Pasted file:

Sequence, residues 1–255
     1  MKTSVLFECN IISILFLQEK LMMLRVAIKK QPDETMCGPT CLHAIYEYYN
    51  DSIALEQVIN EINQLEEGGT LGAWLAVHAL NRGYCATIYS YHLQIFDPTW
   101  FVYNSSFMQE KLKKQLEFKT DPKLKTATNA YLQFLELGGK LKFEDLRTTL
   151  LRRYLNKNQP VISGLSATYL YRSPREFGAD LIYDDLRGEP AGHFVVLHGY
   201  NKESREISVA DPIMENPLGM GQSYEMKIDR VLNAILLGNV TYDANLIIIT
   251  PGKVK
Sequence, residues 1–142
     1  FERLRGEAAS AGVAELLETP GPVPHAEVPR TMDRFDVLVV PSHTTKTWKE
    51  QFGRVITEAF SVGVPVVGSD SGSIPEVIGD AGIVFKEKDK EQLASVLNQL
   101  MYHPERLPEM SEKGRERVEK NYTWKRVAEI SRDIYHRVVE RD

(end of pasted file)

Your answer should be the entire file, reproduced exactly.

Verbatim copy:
Sequence, residues 1–255
     1  MKTSVLFECN IISILFLQEK LMMLRVAIKK QPDETMCGPT CLHAIYEYYN
    51  DSIALEQVIN EINQLEEGGT LGAWLAVHAL NRGYCATIYS YHLQIFDPTW
   101  FVYNSSFMQE KLKKQLEFKT DPKLKTATNA YLQFLELGGK LKFEDLRTTL
   151  LRRYLNKNQP VISGLSATYL YRSPREFGAD LIYDDLRGEP AGHFVVLHGY
   201  NKESREISVA DPIMENPLGM GQSYEMKIDR VLNAILLGNV TYDANLIIIT
   251  PGKVK
Sequence, residues 1–142
     1  FERLRGEAAS AGVAELLETP GPVPHAEVPR TMDRFDVLVV PSHTTKTWKE
    51  QFGRVITEAF SVGVPVVGSD SGSIPEVIGD AGIVFKEKDK EQLASVLNQL
   101  MYHPERLPEM SEKGRERVEK NYTWKRVAEI SRDIYHRVVE RD